makingthematrix / signals3   1.1.1

GNU General Public License v3.0 only GitHub

A lightweight event streaming library for Scala 3

Scala versions: 3.x


Scala CI signals3 Scala version support

Signals3 API documentation

This is a lightweight event streaming library for Scala. It's based on Wire Signals. Wire Signals was used extensively in the Wire Android client app - the biggest Scala project for Android, as far as I know - in everything from fetching and decoding data from another device to updating the list of messages displayed in a conversation. In new apps, it can be of use for the same tasks, as well as - if you write an Android app in Scala by chance, or maybe a desktop app in JavaFX/ScalaFX - Signals3 may help you to communicate between the UI and the background thread. Details below.

Main features

  • Event streams
  • Signals: event streams with internal values
  • Abstractions for easy data transfer between execution contexts
  • An implementation of (sometimes) closeable futures
  • Methods to work with event streams and signals in a way similar to standard Scala collections
  • Generators: streams that can generate events and signals that can compute their new updates in regular (or variable) intervals.

How to use


  libraryDependencies += "io.github.makingthematrix" %% "signals3" % "1.1.1"






compile group: 'io.github.makingthematrix', name: 'signals3_3', version: '1.1.1'


In short, you can create a SourceSignal somewhere in the code:

val intSignal = Signal(1) // SourceSignal[Int] with the initial value 1
val strSignal = Signal[String]() // initially empty SourceSignal[String]

and subscribe it in another place:

intSignal.foreach { number => println(s"number: $number") }
strSignal.foreach { str => println(s"str: $str") }

Now every time you publish something to the signals, the functions you provided above will be executed, just as in case of a regular stream...

scala> intSignal ! 2
number: 2

... but if you happen to subscribe to a signal after an event was published, the subscriber will still have access to that event. On the moment of subscription the provided function will be executed with the last event in the signal if there is one. So at this point in the example subscribing to intSignal will result in the number being displayed:

> intSignal.foreach { number => println(s"number: $number") }
number: 2

but subscribing to strSignal will not display anything, because strSignal is still empty. Or, if you simply don't need that functionality, you can use a standard Stream instead.

You can also of course map and flatMap signals, zip them, throttle, fold, or make any future or a stream into one. With a bit of Scala magic you can even do for-comprehensions:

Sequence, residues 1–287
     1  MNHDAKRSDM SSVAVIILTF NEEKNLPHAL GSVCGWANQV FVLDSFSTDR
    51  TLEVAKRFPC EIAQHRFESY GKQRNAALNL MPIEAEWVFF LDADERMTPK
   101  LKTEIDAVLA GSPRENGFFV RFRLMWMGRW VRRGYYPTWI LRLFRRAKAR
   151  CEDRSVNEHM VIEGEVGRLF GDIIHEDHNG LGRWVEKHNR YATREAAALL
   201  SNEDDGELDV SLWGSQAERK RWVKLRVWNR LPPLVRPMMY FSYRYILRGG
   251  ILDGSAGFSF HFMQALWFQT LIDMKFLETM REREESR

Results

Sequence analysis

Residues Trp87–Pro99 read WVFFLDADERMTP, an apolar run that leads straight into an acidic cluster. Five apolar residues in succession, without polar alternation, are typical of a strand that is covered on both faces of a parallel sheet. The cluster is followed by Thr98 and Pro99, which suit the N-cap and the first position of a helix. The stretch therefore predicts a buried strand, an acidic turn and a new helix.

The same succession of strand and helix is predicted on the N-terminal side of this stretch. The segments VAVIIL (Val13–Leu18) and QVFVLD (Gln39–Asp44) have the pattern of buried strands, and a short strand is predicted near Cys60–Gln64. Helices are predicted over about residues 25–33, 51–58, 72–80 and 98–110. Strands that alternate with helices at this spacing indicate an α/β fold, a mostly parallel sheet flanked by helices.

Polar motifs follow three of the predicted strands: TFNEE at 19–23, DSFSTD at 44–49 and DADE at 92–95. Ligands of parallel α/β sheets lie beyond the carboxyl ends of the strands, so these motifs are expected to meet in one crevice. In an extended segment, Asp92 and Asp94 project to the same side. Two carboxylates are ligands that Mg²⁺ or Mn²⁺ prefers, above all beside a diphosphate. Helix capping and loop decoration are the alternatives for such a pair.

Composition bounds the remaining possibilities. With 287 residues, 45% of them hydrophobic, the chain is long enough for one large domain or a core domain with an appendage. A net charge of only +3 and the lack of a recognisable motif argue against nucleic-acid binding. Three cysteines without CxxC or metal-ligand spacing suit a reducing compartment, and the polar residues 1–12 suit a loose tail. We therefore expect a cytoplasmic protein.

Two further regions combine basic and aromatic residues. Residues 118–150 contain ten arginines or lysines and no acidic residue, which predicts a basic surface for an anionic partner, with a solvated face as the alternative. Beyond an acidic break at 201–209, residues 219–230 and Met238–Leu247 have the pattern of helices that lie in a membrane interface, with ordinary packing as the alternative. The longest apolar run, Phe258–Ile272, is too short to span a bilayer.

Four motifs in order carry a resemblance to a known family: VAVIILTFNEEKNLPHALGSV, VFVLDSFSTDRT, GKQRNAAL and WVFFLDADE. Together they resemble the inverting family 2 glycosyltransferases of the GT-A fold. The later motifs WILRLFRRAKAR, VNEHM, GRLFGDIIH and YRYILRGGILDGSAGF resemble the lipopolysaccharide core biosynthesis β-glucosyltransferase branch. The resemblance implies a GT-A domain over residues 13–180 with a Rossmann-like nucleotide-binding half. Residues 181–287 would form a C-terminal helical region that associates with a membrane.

val fooSignal = for {
 number <- intSignal
 str    <- if (number % 3 == 0) Signal.const("Foo") else strSignal
} yield str

Communication between execution contexts

Every time you define a foreach method on a stream or a signal, you can specify the execution context in which it will work. Since Signals3 started as an event streaming library for Android, it implements a utility class UiDispatchQueue to help you set up communication between the default execution context (Threading.defaultContext) and a secondary one, usually associated with GUI.

On platforms such as Android or JavaFX, a Runnable task that involves changes to the app's GUI requires to be run in that secondary, special execution context - otherwise it will either not work, will result in errors, or may even crash the app. Your platform should provide you with a method which you can call with the given task to execute it properly. If that method is of the type Runnable => Unit (or if you can wrap it in a function of this type) you can pass it to UiDispatchQueue in the app's initialization code. Later, UiDispatchQueue will let you use extension methods .onUi on event streams and signals. They work exactly like .foreach but they will run the subscriber code in your GUI platform execution context.

Example Android initialization

import android.os.{Handler, Looper}
import io.github.makingthematrix.signals3.ui.UiDispatchQueue

val handler = new Handler(Looper.getMainLooper)

Example JavaFX initialization

import javafx.application.Platform
import io.github.makingthematrix.signals3.ui.UiDispatchQueue


Usage in all cases:

import io.github.makingthematrix.signals3.ui.UiDispatchQueue.*

val signal = Signal(false) // create a new source signal
signal.onUi { value => ... } // define a block of code that will run on the UI thread
signal ! true // update the value of the signal from any other place in the code
// or this is how you can run any piece of code on the UI thread
Future { ... }(Ui)

If you want to know more


This library is a result of work of many programmers who developed Wire Android over the years. My thanks go especially to:

Thanks, guys. I couldn't do it without you.